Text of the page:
Next, present you with several bulky manuals of policies, procedures and regulations, then remind you that you have just agreed to all of them – no matter how nonsensical, inimical, ill-thought out or just plain daft.

Then inform you of the company dress code, which further reinforces uniformity of action and thought. You look the same, you act the same, you are the same.

Then, once you’ve signed up to all that, you will be reminded of the consequences of stepping out of line – punishments that range from ritual humiliation, to loss of privileges and status, to the the ultimate – loss of your job.

All of this leads you to become more pliable, more obedient, more obsequious and more fearful.

Obey the master no matter what and all will be well, oh puny serf.

Something else is needed though. Even the most dullard wage slave needs an occasional thrill, a taste of power and a sense of control. Office politics meet that need.

Put it all together and you become a willing and obedient wage slave.


It might be daft to have a corporate recycling policy while simultaneously keeping 30 ancient fax machines that churn out reams of blurred and smeared pieces of dadaist art.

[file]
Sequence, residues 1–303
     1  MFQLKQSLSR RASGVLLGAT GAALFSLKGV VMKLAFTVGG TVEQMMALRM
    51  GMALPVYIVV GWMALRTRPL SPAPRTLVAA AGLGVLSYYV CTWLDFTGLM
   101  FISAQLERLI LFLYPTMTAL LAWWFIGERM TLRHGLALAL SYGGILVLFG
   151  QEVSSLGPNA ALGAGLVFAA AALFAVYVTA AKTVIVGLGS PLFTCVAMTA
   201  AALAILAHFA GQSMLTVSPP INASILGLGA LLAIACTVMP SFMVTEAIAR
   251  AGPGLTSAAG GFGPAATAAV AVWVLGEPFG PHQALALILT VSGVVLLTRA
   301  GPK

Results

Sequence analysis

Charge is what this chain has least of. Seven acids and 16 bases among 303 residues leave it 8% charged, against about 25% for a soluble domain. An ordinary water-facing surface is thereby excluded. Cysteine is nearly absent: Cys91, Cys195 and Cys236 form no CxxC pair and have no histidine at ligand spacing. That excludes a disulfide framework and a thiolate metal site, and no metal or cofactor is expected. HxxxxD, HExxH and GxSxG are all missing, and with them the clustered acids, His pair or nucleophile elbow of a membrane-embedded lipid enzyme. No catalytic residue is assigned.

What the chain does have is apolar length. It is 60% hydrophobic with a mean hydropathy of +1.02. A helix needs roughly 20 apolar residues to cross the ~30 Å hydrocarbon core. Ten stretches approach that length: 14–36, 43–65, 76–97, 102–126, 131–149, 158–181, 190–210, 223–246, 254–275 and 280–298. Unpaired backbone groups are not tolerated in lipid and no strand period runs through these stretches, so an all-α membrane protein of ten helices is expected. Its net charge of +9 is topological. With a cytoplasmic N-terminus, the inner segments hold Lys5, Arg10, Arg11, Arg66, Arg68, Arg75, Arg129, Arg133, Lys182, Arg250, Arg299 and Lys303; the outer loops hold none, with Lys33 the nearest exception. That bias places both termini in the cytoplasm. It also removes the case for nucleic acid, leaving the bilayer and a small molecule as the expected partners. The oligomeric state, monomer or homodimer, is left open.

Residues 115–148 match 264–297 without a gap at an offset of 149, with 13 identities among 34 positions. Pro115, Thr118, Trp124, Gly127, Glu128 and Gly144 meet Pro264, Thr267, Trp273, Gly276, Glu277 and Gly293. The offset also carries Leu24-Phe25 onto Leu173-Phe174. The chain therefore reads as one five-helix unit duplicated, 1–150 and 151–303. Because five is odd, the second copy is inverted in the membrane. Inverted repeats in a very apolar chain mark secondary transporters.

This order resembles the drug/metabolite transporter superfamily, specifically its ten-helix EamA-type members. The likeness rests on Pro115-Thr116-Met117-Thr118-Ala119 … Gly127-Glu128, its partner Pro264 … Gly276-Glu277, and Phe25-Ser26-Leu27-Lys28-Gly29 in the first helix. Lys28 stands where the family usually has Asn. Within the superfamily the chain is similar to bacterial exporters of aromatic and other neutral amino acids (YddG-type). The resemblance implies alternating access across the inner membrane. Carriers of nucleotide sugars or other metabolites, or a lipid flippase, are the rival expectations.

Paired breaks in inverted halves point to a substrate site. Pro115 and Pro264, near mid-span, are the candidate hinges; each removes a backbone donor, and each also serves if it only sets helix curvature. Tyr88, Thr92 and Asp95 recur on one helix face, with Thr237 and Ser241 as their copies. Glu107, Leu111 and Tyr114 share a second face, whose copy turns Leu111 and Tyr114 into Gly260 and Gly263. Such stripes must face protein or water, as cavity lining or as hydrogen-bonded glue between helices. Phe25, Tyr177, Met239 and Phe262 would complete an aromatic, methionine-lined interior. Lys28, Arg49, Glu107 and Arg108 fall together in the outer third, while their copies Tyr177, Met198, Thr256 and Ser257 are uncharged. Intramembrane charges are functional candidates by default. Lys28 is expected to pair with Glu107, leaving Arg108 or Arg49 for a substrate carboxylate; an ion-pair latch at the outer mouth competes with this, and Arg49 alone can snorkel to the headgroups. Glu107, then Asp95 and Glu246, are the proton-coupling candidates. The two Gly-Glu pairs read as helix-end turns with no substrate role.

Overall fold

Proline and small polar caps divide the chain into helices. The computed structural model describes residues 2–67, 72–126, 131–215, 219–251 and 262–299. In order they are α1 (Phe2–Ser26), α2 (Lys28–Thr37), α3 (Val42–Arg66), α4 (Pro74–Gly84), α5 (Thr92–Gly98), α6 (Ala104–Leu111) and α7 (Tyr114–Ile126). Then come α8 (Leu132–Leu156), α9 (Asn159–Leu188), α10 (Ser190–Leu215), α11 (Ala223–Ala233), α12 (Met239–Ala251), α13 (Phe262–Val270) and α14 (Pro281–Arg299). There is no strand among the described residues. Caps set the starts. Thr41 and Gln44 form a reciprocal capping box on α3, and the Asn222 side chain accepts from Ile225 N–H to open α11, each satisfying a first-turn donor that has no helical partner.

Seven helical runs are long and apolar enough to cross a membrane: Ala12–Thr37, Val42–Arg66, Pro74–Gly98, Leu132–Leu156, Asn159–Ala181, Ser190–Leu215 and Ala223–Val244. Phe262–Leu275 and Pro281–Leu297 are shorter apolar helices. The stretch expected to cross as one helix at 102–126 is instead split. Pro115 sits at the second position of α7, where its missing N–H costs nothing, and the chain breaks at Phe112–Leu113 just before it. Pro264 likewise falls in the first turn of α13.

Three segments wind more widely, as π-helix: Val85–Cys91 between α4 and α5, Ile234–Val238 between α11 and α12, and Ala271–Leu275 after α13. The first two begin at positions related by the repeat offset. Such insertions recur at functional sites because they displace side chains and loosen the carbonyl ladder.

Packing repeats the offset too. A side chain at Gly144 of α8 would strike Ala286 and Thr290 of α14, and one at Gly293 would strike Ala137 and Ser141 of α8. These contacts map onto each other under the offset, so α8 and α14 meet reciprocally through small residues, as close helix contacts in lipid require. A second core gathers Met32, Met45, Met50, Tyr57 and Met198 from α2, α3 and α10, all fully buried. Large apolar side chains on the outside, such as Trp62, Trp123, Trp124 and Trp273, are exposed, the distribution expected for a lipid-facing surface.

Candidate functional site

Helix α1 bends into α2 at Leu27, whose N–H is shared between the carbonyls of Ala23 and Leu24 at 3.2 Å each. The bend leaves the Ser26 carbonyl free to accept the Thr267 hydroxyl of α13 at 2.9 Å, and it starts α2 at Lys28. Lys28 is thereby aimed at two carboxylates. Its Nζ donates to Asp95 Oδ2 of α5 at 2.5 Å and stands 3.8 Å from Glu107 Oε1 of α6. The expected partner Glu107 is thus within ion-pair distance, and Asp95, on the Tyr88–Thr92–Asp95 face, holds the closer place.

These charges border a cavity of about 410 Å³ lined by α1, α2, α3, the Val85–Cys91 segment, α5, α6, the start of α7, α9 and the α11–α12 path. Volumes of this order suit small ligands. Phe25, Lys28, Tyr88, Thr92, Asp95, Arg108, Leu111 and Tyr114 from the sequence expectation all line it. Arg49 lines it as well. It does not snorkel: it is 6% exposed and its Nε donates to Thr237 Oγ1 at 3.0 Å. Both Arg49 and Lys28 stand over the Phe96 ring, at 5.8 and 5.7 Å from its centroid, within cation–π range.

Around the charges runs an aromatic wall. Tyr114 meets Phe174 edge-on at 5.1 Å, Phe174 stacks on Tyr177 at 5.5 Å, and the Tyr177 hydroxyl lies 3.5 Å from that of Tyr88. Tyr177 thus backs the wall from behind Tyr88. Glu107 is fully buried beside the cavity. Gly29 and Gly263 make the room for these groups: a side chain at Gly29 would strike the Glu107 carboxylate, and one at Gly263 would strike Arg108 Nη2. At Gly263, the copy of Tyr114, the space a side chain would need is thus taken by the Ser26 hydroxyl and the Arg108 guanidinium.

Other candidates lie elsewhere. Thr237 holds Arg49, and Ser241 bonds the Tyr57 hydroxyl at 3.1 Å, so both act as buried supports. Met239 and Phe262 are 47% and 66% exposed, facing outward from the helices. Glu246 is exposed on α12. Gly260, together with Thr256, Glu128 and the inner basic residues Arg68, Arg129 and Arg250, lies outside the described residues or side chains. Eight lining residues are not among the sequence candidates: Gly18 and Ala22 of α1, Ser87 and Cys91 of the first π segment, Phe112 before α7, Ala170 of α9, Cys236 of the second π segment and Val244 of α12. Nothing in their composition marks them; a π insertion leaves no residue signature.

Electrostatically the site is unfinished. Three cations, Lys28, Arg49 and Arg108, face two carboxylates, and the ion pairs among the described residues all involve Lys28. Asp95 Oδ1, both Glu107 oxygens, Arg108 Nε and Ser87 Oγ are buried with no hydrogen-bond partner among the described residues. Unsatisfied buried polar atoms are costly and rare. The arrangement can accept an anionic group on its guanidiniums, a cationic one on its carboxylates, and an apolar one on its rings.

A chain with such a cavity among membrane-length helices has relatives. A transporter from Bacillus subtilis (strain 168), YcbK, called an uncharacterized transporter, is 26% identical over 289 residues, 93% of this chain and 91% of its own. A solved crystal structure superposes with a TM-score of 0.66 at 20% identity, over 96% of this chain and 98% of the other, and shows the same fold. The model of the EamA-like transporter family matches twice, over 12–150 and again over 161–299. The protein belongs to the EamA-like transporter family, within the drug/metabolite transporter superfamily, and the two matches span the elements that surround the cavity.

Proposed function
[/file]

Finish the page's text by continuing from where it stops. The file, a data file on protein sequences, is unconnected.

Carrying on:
It may be illogical to ban kettles and mug from people’s desks while requiring them to walk up three flights of stairs to the coffee machine, then walk back down clutching their plastic cup of boiling poison.

It may be a complete waste of time to require someone to spend eight hours of their 10-hour shift writing up what they did in the other two hours.

But you know it is not your place to question. The masters have said it shall be so, and so it shall be.

Free-thinkers know such rules and regulations are silly, petty and stupid, of course. That’s why they have to be isolated, broken, marginalised or forced out.

But that’s fine because free-thinkers only have to deal with five policies:

1. Think smart.
2. Think nice.
3. Think free.
4. Do what you love.
5. Have fun.

What about supporting yourself and your family, I hear the broken masses cry.

Look, having a job is a really stupid way of supporting yourself.

You only get money when you’re working. If you want more money, you have to work more.